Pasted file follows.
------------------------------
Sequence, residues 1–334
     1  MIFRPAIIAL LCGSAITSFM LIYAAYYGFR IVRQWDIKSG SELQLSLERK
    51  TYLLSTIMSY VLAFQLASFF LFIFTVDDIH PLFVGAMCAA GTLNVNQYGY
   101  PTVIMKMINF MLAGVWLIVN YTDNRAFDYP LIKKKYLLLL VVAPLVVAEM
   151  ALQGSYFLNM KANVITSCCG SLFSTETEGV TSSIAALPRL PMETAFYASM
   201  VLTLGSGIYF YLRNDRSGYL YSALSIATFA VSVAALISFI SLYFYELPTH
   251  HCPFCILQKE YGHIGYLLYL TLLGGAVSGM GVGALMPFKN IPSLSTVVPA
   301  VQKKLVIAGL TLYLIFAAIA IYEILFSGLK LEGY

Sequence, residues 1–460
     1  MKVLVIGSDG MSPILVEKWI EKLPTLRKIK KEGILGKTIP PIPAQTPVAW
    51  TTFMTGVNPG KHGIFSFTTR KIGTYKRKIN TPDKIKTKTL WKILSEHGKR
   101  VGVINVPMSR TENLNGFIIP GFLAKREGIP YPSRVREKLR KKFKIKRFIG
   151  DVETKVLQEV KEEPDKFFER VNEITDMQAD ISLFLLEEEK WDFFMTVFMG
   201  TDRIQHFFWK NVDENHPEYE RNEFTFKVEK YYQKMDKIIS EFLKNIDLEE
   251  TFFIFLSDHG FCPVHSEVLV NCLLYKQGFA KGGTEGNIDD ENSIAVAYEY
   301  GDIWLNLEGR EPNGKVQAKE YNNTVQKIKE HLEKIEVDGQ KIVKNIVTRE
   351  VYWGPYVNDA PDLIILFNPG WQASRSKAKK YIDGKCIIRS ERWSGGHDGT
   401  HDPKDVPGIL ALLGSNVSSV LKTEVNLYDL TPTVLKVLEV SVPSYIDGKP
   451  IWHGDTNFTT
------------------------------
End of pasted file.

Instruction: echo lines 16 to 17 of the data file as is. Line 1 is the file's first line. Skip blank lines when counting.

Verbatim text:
   301  GDIWLNLEGR EPNGKVQAKE YNNTVQKIKE HLEKIEVDGQ KIVKNIVTRE
   351  VYWGPYVNDA PDLIILFNPG WQASRSKAKK YIDGKCIIRS ERWSGGHDGT